Before Watchmen: Silk Spectre #1

BW Silk Spectre 1The comic book event of the summer is nigh!  Before Watchmen, the much-anticipated prequel series to Alan Moore and Dave Gibbons' Watchmen, will consist of seven limited series and an epilogue one-shot.  Stay tuned, as the Fanboy Comics crew will be reviewing each title as it is released. Hurm. 


When the head honchos here at Fanboy Comics told us that they wanted each of us to review a title in DC’s Before Watchmen series, I was stoked. Watchmen was one of the first graphic novels I ever read, and the book stuck in my brain for quite some time. It’s a lot to digest, I’m sure you’ll agree, and this summer we are being given even more food for thought.

As my FBC cohort Jason Enright said in his review of Before Watchmen: Minutemen last week, our goal is not to delve into all of the controversy surrounding DC’s big event, but to simply give you our honest opinion of the quality of the issue we are reviewing. So here it is: I give Silk Spectre a resounding thumbs-up. (My thumbs make loud noises when vertically extended---it’s a medical condition.)


First of all, judge this book by its cover: it has a bright and colorful '60s pop art feel, peppered with the faces of important adults in the life of young Laurie Jupiter, and that’s a pretty succinct summation of the issue’s contents. Darwyn Cooke and Amanda Conner are not telling a superhero story; instead, this is an account of Laurie’s lost teenage years. If you’ve read Watchmen, you already know that Laurie has a strained relationship with her mother Sally, the original Silk Spectre, and this issue digs a bit deeper into the complexities of their relationship, on both ends. From the very first page, the theme of the story is prominently presented, and a charming narrative device reinforces that theme throughout the issue. This first issue is reminiscent of many other coming-of-age stories set in the '60s, and has a light-hearted, youthful feel; however, there are some very dark moments peppered throughout (there’s a scene between Laurie and one of her witchier classmates that is exceptionally mean-spirited), and despite the fairly optimistic tone, this is the Watchmen universe we’re talking about---nothing good can last.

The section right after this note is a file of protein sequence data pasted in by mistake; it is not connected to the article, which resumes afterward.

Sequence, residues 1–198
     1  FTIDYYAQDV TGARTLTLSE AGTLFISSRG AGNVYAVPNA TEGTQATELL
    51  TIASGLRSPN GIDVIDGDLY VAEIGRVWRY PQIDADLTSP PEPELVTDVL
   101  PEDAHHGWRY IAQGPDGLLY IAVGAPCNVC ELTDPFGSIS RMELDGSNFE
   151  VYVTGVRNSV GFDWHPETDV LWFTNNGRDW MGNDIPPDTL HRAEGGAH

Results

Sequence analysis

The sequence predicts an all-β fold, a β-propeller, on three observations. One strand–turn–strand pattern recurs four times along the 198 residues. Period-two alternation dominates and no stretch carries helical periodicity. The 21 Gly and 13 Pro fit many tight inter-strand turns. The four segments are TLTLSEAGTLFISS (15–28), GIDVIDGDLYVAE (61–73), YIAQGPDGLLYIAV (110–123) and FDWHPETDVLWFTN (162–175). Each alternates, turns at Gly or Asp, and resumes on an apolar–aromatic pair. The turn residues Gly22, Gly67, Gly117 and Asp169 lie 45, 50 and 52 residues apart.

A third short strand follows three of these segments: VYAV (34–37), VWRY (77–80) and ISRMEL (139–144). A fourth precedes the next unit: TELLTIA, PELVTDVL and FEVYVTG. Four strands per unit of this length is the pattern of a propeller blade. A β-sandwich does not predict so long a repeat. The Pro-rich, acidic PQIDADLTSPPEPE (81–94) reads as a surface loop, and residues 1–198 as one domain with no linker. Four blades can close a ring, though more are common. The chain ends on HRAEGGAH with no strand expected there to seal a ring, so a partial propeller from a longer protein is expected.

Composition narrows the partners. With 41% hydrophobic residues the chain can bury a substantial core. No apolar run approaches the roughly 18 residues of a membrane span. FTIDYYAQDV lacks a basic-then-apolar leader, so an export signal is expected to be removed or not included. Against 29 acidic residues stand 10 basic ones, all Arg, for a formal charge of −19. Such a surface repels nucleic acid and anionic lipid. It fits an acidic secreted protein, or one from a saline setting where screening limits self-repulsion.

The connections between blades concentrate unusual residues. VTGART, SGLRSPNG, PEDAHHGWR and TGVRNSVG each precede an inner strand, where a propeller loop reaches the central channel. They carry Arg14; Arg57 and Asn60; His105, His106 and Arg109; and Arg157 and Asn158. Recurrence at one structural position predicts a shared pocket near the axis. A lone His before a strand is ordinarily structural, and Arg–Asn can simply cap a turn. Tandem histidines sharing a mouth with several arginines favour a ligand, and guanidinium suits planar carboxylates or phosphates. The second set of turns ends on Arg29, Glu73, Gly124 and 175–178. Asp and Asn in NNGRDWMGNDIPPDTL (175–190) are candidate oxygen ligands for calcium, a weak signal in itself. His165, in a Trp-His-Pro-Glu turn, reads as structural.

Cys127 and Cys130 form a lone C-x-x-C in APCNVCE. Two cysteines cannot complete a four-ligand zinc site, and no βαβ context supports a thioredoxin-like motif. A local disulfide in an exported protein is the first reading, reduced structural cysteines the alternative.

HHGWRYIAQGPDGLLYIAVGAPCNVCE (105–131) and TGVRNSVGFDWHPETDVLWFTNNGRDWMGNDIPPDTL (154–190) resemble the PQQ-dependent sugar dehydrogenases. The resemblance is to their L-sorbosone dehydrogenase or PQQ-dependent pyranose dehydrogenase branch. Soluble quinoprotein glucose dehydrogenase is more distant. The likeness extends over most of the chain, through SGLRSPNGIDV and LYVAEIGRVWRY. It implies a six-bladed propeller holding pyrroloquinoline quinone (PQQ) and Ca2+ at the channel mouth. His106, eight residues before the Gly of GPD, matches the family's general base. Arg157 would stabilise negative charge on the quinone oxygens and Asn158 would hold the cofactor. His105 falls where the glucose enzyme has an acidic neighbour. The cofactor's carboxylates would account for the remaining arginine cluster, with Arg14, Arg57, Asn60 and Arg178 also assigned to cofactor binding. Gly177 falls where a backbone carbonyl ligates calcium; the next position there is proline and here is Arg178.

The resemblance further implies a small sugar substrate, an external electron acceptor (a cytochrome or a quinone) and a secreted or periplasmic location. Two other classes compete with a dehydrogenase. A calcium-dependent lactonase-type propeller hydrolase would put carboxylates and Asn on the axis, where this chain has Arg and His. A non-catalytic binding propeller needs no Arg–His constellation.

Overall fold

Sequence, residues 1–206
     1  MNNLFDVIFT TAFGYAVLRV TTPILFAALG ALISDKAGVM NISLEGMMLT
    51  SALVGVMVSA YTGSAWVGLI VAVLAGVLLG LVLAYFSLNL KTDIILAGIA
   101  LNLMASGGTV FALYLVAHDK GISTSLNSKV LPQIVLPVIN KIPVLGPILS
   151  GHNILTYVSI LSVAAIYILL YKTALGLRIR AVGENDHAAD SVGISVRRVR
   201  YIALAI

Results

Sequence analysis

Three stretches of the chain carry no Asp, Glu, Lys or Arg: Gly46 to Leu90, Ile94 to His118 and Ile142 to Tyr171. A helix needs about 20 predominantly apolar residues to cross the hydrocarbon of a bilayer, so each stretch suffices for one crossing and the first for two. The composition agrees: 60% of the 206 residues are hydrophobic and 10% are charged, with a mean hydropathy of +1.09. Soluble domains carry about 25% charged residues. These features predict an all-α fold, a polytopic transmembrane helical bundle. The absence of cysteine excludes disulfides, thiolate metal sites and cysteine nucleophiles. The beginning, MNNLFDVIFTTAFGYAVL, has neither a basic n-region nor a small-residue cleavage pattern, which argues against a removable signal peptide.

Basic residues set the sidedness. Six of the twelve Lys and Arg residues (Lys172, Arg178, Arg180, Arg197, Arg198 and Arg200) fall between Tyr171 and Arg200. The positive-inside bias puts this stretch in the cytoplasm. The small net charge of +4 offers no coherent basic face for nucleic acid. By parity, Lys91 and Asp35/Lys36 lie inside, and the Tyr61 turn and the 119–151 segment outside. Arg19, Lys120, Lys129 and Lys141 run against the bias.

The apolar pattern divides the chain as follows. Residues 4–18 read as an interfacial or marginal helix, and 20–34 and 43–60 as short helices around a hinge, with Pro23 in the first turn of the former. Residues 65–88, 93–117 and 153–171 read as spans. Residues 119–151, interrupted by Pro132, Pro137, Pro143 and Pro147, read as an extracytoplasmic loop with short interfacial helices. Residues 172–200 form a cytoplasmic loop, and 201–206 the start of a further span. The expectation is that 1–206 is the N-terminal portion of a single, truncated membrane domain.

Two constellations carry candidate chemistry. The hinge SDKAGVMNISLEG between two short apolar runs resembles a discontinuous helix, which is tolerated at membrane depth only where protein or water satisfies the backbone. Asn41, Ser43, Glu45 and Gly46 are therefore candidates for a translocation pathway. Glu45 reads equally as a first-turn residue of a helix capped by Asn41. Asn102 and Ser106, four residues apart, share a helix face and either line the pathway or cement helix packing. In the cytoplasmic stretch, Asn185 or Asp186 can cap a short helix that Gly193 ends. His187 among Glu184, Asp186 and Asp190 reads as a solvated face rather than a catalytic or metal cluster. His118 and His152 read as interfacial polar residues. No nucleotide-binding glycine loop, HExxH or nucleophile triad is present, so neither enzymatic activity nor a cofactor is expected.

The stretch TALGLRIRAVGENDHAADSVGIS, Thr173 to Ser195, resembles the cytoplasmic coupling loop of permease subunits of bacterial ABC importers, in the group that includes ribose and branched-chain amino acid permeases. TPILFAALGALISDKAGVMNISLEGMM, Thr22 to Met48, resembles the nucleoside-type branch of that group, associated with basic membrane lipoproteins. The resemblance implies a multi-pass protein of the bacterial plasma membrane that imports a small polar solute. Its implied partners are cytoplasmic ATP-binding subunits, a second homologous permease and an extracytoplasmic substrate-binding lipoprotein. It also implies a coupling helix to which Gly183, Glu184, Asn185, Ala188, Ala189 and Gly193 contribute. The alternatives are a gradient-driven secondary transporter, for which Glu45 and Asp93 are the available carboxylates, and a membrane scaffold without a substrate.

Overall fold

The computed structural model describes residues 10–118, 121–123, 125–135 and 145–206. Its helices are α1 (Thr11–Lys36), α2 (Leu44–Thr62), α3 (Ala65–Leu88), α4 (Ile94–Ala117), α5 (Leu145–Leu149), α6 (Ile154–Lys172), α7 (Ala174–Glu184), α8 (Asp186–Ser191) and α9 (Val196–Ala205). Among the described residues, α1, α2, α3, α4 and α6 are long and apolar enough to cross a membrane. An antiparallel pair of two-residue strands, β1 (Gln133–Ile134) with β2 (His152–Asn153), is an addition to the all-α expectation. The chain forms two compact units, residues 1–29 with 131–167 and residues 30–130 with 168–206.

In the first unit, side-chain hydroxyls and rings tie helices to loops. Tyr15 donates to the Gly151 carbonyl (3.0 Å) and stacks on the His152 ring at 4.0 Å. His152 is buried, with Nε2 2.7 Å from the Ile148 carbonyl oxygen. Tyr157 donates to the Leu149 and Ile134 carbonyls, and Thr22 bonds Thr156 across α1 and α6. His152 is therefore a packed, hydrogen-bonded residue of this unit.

I’m really digging Amanda Conner’s art, as well. All of the characters have such expressive faces that it’s easy to key in on exactly what they’re feeling and thinking in each frame, and it helps to drive home the more emotional moments in the story.

For those of you wondering whether or not Silk Spectre can be enjoyed without having ever read Watchmen, I would say yes. There are a few finer character points that might not be immediately clear, and you will definitely miss the issue's subtle nods to its source material, but I think the book is strong enough to stand on its own merits. If you are on the fence about Before Watchmen in general or Silk Spectre specifically, I would say give it a shot. It’s a solid first issue that lays the groundwork for a bittersweet story set in a harsh world.

And now it’s time for:

JORDAN ATTEMPTS TO FIGURE OUT THE CRIMSON CORSAIR BACK-UP STORY USING ONLY THE BITS IN SILK SPECTRE

This first time it will be a little easier, since I’ve only missed the first two pages in the back of Minutemen.

Ok, so McClachlan is our protagonist, and, apparently, Captain Chane is not a super nice guy. He had some dude named Vole dragged behind or on the ship for some reason (probably petty), and now Vole is not in great shape. McClachlan tries to call the captain out on his cruelty, but whoops! Looks like the crew is too afraid to stand behind him. Seems like poor (first mate?) McClachlan is headed for a mutineer’s fate . . .

 

 

Last modified on Friday, 21 June 2013 01:34

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